Work Zone Awareness Week
April 15–19, 2013
The U.S. Department of Transportation and the Federal Highway Administration present National Work Zone Awareness Week each spring, to bring national attention to motorist and worker safety in work zones.
DOT participates to raise driver awareness and decrease the number of persons killed in motor vehicle crashes in work zones. This year DOT will place work zone safety ribbon magnets on all DOT vehicles and run print, radio and outdoor ads to promote work zone safety in both New York City and in Albany.
New York City hosted National Work Zone Awareness Week in 2010. Commissioner Sadik-Khan, along with State and Federal officials and DOT workers, launched the event at Battery Park on April 19, 2010. See photographs of the event.
DOT is currently working on state legislation to intensify penalties against drivers who are convicted of either killing or injuring construction workers in work zones. The proposed bill is intended to serve as a deterrent to driving carelessly in a work zone.
Work Zone Facts at a Glance
- On average, nearly 600 work zone fatalities occur nationwide every year.
- Over four out of every five work zone fatalities are motorists.
- More than 32,000 people are injured each year as a result of motor vehicle crashes in work zones.
- One work zone fatality occurs every 15 hours (1.6 a day)
- One work zone injury occurs every 16 minutes (88 a day)
- 7 NYC DOT workers have died in work zone incidents in the last two decades.
- 22 NYC DOT workers have been injured in work zone incidents since 2009
- In New York State, there were five work zone fatalities in 2010, six work zone fatalities in 2009, six fatalities in 2008 and 11 fatalities in 2007.
(Source: 2010 FHWA facts & statistics, NYC DOT and NYS DOT.)
Tips on Driving Safely in Work Zones
- Drive within the posted speed limits.
- Dedicate full attention to the roadway.
- Refrain from distracting activities, such as changing radio stations and especially using mobile phones.
- Pay close attention to merge signs, and do not change lanes within the work zone.
- Merge into the proper lane well before you reach the lane closure.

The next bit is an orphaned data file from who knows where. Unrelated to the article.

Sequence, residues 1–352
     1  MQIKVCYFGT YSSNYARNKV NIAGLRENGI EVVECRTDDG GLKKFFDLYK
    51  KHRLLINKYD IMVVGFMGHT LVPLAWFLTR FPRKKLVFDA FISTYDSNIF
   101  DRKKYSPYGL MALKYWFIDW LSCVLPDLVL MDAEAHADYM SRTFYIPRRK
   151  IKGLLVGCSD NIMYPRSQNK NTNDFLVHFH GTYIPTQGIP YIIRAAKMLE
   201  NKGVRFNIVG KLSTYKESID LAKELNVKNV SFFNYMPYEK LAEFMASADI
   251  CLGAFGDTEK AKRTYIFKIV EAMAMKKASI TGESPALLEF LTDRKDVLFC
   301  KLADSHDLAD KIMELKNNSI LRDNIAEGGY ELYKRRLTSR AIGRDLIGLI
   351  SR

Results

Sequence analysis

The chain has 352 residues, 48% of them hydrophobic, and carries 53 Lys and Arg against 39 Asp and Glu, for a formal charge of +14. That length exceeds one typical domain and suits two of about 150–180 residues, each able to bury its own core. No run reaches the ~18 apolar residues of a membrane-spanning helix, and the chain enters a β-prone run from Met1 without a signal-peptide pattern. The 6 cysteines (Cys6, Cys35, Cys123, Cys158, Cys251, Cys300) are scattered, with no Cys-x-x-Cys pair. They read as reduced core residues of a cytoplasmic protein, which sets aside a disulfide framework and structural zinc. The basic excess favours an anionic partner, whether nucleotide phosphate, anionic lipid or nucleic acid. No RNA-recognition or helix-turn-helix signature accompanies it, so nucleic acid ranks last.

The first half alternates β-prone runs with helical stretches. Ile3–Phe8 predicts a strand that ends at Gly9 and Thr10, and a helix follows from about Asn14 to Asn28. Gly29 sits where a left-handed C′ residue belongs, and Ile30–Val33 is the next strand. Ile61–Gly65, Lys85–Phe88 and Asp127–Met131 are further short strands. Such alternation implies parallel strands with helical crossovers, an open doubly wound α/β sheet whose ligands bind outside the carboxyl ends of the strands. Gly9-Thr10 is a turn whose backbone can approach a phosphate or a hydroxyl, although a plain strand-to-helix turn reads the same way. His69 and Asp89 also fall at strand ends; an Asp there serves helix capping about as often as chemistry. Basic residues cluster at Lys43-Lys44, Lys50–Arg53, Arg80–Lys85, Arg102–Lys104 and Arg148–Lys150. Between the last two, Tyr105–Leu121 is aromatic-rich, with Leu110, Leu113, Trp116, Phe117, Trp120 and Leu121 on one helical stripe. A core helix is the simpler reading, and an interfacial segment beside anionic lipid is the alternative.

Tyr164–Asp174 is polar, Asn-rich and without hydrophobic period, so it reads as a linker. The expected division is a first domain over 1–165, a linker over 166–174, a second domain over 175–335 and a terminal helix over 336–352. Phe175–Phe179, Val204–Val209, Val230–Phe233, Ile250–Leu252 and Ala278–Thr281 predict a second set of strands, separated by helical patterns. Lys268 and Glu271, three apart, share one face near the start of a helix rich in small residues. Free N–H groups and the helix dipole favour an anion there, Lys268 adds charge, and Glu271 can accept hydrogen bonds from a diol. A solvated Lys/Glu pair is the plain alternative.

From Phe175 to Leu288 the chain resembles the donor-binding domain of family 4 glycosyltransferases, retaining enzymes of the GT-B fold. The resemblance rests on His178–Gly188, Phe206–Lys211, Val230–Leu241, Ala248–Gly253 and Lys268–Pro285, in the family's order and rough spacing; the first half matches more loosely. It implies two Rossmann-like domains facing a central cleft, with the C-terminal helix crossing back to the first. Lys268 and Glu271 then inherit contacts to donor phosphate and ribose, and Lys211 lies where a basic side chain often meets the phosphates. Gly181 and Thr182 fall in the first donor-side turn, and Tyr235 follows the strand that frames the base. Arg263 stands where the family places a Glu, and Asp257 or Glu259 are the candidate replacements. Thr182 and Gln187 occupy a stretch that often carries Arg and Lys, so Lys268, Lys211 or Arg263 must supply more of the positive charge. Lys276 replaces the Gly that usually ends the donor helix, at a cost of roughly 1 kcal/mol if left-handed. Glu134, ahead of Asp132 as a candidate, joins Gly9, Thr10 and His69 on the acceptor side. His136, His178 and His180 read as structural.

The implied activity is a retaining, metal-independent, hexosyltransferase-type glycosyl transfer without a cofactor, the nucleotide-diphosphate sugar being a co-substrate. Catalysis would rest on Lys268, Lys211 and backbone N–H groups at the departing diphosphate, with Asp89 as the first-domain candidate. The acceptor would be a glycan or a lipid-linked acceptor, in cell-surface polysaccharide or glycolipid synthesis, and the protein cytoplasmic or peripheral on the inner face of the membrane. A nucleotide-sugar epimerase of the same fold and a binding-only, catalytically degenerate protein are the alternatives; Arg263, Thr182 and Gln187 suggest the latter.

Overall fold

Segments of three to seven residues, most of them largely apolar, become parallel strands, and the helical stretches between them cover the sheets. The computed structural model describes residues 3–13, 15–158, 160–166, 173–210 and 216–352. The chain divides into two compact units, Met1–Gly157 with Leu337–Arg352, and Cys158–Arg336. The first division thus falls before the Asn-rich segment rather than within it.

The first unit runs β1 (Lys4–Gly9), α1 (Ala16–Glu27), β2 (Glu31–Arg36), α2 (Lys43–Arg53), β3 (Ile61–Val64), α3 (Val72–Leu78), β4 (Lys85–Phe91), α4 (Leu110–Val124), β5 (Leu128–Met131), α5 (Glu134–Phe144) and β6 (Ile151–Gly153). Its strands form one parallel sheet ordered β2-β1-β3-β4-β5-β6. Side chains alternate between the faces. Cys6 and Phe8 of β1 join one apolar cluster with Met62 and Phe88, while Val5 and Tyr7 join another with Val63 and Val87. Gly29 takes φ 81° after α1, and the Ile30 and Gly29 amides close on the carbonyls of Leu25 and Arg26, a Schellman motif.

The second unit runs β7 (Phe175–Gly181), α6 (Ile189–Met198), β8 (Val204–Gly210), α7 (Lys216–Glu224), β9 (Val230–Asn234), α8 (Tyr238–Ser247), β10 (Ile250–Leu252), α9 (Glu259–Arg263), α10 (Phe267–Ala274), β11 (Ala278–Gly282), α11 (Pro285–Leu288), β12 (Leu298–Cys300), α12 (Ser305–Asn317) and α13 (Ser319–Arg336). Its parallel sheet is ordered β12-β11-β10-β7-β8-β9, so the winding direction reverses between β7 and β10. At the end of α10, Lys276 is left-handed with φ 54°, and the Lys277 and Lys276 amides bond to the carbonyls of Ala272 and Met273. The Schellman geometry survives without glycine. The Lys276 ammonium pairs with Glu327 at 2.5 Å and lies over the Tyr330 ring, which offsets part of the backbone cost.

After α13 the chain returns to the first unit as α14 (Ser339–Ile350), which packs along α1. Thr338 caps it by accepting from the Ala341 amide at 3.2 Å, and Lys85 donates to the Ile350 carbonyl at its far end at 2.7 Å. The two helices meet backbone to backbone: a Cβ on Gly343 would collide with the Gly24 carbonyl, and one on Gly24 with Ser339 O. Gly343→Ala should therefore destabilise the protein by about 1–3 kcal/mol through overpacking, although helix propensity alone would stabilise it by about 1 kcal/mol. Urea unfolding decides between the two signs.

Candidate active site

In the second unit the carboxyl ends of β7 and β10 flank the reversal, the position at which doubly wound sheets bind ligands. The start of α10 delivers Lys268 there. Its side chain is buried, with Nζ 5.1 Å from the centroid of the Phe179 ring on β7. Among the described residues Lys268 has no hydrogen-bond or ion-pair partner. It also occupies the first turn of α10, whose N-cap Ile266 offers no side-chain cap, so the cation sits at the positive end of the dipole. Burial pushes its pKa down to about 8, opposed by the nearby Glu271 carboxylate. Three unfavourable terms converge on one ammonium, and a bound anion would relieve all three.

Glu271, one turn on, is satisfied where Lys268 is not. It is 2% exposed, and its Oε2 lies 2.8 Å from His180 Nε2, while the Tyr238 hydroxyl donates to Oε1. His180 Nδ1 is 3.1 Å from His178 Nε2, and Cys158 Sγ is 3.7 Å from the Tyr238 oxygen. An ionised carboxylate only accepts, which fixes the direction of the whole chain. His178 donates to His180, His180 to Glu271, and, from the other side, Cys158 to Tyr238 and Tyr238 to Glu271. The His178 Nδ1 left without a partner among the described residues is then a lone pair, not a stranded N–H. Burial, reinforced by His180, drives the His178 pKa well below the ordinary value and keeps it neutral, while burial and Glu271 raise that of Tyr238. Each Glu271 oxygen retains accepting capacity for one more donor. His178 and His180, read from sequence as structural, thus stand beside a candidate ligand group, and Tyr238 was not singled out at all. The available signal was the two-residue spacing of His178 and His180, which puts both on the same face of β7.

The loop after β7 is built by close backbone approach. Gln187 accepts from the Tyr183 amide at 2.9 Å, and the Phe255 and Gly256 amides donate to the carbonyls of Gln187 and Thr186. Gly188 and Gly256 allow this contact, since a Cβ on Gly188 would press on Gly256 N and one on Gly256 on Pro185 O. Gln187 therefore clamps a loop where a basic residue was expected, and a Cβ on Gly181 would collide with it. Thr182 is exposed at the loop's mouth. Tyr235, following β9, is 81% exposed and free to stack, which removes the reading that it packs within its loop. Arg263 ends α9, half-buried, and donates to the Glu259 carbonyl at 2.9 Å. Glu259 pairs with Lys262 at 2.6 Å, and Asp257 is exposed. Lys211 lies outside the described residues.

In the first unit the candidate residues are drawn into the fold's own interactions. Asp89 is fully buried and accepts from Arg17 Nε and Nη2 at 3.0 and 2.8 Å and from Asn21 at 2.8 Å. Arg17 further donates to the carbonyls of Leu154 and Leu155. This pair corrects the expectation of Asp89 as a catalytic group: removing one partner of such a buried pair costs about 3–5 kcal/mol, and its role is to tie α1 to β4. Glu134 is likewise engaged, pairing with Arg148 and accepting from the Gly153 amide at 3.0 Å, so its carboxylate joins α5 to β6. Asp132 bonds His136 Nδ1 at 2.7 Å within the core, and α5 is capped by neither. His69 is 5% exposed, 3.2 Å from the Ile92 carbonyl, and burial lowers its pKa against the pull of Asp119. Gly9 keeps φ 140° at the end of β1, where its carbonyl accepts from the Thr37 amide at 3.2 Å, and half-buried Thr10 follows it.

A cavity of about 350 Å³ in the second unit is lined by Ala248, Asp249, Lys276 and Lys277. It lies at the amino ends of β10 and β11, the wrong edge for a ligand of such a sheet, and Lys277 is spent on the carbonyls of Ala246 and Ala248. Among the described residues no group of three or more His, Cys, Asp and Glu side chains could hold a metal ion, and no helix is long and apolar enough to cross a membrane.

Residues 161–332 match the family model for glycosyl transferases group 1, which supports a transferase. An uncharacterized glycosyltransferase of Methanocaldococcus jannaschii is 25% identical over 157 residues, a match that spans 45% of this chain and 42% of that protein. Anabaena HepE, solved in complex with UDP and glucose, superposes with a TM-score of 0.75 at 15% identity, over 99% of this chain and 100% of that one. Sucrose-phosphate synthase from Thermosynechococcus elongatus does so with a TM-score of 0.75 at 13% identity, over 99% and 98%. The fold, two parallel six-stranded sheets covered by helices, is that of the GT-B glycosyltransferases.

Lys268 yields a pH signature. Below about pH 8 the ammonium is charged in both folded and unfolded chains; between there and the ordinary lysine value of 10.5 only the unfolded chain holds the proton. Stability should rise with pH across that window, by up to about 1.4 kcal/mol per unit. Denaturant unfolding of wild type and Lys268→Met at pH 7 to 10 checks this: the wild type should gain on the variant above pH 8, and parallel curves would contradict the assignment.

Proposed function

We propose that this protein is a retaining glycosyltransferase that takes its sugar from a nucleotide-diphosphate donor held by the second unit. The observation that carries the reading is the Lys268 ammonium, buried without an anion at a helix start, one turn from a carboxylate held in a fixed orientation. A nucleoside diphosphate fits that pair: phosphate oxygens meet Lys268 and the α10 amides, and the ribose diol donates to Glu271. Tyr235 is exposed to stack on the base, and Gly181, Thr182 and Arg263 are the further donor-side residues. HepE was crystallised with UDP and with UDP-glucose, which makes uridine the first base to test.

- Watch out not only for workers in the zone, but also for their equipment.
- Be patient and remember that the work zone crew members are working to improve our roads for our safety and convenience.
More work zone safety tips from the New York State Department of Transportation.
New York StateWork Zone Safety Bill
There is proposed legislation in front of the New York State Legislature to improve worker safety. This Work Zone Safety Bill would amend the Vehicle and Traffic Law by defining the new crime of intrusion into an active work zone as a class B misdemeanor, which will subject offenders to a $250 to $500 fine and/or a maximum sentence of three months imprisonment. The bill would also amend the Penal Law by creating the new crimes of vehicular manslaughter in an active work zone in the first degree (a class B felony offense), vehicular manslaughter in an active work zone in the second degree (a class C felony offense), vehicular assault in an active work zone in the first degree (a class D felony) and vehicular assault in an active work zone in the second degree (a class E felony).
Other states have passed tough penalties for drivers who cause injury or death to construction workers. In Pennsylvania, a "homicide by vehicle" which occurs in an active work zone incurs an additional 5 years in prison. Michigan currently has the toughest criminal penalties for crashes that occur in work zones. A person who commits a moving violation such as speeding more than 10 miles over the posted speed limit in a work zone and as a result causes death to a person working in a construction zone is guilty of a felony punishable by a fine of not more than $7,500 or by imprisonment of not more than 15 years or both. Thus, merely driving carelessly and not just reckless or drunken driving can trigger the felony penalties.